The use of cannabis-based epilepsy medication, Sativex also proved to be highly effective for pain, which proves that CBD oil for fibromyalgia is the best option.

What is the cause of endocannabinoid deficiency fibromyalgia?

Humans have an optimal level of endocannabinoids (anandamide and 2-AG) in the body, which interact with endocannabinoid receptors. When endocannabinoid function is lower than normal,a series of conditions will necessarily follow, such as:

  • Digestive issues
  • Mood alterations
  • Sleep alterations
  • General well-being will be disrupted

It is still unknown why these lower endocannabinoid levels occur, but the CED theory suggests that the cause could be genetic or congenital, or might even be acquired after a significant injury or illness that alters the balance of the endocannabinoid production.

Other illnesses that have been linked to CECD

The ones mentioned above are not the only conditions that seem to be linked to clinical endocannabinoid deficiency. Others that are being evaluated for their possible relation to CECD are:

  • Neonatal failure to thrive
  • Cystic fibrosis
  • Phantom limb pain
  • Infantile colic
  • Dysmenorrhea
  • Repetitive, unexplained miscarriages
  • PTSD
  • Bipolar disorder

These are just a few, though there are many others that could be part of this list.

Clinical endocannabinoid deficiency is new, but very important discovery being studied currently that could help us understand different conditions that have mostly been a complete mystery to us.

It seems almost obvious when you think about illnesses being caused by the body being unbalanced. A lot of people have spoken about CBD oil and fibromyalgia. However, we are so used to having external causes to our ailments, that we have failed to see what was right under our noses.

Our bodies have lost balance, so we need to return it to them in order to be healthier and feel better. Hopefully CBD treatments are standardized and recognized as valid methods of improving the quality of life of those who suffer from fibromyalgia and have seen their lives altered by it.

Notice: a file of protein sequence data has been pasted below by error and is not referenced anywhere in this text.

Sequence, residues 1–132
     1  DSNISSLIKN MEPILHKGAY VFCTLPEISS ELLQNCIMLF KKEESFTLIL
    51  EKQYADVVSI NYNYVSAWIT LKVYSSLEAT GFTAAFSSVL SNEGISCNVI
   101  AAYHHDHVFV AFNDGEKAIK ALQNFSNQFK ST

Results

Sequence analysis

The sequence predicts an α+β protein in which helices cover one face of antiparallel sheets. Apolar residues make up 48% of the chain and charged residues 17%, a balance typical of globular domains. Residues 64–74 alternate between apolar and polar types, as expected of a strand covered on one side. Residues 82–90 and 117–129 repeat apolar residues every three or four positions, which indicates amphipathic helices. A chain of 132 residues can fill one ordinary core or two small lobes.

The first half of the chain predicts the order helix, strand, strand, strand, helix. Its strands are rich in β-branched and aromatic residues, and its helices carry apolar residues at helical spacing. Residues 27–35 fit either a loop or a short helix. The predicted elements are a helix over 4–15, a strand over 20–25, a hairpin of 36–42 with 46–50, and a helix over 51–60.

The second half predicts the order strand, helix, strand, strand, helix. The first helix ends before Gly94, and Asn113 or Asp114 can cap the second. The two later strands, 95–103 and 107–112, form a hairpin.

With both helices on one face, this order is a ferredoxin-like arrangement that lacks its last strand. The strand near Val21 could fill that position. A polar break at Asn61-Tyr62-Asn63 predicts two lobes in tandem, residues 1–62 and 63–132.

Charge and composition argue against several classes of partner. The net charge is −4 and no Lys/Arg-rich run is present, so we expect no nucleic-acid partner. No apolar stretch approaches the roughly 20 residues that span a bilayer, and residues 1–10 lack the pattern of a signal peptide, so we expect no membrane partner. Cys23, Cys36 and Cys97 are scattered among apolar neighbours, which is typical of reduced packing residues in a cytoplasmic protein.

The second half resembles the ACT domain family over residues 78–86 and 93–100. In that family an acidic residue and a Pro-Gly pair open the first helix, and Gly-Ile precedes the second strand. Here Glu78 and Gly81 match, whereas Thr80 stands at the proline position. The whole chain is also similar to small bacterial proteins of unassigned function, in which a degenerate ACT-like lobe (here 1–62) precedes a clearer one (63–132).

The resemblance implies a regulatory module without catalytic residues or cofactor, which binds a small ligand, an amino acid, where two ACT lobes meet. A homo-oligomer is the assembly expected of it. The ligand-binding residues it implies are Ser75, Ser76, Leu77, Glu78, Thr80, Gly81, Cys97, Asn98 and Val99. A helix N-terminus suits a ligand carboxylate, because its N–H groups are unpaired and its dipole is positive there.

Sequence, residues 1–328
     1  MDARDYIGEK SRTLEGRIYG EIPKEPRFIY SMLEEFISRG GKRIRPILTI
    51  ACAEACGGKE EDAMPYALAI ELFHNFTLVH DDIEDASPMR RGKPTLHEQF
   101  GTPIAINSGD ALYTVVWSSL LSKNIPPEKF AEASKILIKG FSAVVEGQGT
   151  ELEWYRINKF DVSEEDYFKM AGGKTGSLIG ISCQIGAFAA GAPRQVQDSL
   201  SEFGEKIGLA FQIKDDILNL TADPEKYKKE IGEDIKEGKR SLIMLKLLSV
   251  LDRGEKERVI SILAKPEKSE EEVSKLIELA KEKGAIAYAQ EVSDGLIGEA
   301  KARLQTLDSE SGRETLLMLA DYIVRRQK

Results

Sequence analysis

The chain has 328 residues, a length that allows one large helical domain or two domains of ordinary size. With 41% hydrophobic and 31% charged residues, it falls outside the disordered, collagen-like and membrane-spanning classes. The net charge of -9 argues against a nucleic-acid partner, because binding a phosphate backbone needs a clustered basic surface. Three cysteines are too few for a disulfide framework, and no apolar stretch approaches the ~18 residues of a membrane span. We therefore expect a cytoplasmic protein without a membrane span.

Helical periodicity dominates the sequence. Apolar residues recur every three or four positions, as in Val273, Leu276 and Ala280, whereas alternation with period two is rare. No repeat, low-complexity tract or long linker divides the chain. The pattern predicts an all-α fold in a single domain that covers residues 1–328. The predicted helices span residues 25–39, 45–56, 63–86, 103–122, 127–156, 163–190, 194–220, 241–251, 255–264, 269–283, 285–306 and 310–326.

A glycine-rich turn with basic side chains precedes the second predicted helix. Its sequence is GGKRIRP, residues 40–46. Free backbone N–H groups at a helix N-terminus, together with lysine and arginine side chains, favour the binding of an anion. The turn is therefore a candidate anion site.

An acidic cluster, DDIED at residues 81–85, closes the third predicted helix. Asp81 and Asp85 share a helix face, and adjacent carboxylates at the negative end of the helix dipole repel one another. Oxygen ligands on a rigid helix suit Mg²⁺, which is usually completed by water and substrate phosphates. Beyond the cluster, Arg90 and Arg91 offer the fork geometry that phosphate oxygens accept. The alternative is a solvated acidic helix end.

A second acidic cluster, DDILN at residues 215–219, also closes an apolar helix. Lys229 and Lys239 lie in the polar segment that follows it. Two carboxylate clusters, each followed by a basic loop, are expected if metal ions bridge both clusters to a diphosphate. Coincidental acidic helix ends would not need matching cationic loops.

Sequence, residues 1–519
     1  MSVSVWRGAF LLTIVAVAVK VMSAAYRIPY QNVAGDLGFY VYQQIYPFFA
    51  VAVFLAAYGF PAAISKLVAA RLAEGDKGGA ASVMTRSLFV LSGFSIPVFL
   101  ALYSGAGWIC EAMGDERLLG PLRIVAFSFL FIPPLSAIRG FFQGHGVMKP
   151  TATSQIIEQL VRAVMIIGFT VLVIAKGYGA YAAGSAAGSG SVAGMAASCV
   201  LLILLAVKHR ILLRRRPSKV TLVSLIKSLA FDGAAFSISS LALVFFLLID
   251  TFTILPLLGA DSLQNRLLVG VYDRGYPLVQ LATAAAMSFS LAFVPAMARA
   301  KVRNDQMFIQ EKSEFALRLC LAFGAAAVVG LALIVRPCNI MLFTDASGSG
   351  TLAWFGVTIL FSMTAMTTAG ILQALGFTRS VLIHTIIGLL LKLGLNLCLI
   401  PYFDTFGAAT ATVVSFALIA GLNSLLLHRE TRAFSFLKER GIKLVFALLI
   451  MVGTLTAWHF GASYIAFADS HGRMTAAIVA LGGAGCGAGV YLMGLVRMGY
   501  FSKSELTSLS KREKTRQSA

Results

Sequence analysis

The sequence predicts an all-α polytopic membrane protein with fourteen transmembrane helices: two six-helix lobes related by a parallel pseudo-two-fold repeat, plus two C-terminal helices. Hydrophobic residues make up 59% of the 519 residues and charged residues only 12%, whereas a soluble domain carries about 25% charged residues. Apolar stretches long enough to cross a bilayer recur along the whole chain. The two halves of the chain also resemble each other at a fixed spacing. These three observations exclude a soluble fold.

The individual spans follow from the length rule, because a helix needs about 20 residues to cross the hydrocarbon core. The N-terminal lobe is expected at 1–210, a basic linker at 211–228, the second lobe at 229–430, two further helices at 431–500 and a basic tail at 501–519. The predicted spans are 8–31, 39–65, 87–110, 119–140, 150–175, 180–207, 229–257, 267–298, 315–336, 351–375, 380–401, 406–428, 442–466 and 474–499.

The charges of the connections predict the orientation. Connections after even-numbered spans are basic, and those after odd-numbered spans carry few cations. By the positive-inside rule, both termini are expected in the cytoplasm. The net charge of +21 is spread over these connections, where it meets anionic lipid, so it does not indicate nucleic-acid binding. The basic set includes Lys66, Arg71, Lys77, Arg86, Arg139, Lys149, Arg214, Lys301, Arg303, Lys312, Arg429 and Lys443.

For the first time ever, we can say that several medical trials are being carried out to determine the benefits of CBD. A few years ago, these components were only considered for terminal patients, but now…

April is World Autism Awareness month, and every year has brought with it more progress in terms of knowledge. Hopefully, now that worldwide cannabis legalization is looming above us, it serves as an opportunity to…

How many times have you stared at the ceiling, shifted around and flipped the pillow over in an effort to fall asleep? Here’s how CBD, along with some other small changes, can help you sleep better and defeat insomnia…

10 CBD Clinical Trials You Might not Know About

…and their importance in today’s health needs!

For the first time ever, we can say that several medical trials are being carried out to determine the benefits of CBD, and even THC, for humans.

A few years ago, these components were only considered for terminal patients, but now their many benefits are being explored for their possible applications in treatments of different conditions, both for children and adults. Furthermore, they are no longer being looked into as a last resort for terminal patients, but as a first option for conditions like epilepsy, autism, asthma, and even for cancer itself, not just for its symptoms.


Some CBD clinical trials and studies of immense importance that have been or are being carried out, are: